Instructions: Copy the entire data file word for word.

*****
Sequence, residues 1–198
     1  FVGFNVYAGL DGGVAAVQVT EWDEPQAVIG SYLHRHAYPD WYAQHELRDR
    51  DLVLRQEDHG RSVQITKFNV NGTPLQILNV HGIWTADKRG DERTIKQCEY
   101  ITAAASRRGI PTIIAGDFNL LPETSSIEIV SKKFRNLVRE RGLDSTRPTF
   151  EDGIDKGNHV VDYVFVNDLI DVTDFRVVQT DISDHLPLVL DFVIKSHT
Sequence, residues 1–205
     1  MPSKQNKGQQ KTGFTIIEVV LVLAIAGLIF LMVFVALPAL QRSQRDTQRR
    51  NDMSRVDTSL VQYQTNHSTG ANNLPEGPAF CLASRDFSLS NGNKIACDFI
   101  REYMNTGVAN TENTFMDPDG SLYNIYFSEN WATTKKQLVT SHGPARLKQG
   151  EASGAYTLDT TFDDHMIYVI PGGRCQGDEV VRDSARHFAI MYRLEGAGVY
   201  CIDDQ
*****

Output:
Sequence, residues 1–198
     1  FVGFNVYAGL DGGVAAVQVT EWDEPQAVIG SYLHRHAYPD WYAQHELRDR
    51  DLVLRQEDHG RSVQITKFNV NGTPLQILNV HGIWTADKRG DERTIKQCEY
   101  ITAAASRRGI PTIIAGDFNL LPETSSIEIV SKKFRNLVRE RGLDSTRPTF
   151  EDGIDKGNHV VDYVFVNDLI DVTDFRVVQT DISDHLPLVL DFVIKSHT
Sequence, residues 1–205
     1  MPSKQNKGQQ KTGFTIIEVV LVLAIAGLIF LMVFVALPAL QRSQRDTQRR
    51  NDMSRVDTSL VQYQTNHSTG ANNLPEGPAF CLASRDFSLS NGNKIACDFI
   101  REYMNTGVAN TENTFMDPDG SLYNIYFSEN WATTKKQLVT SHGPARLKQG
   151  EASGAYTLDT TFDDHMIYVI PGGRCQGDEV VRDSARHFAI MYRLEGAGVY
   201  CIDDQ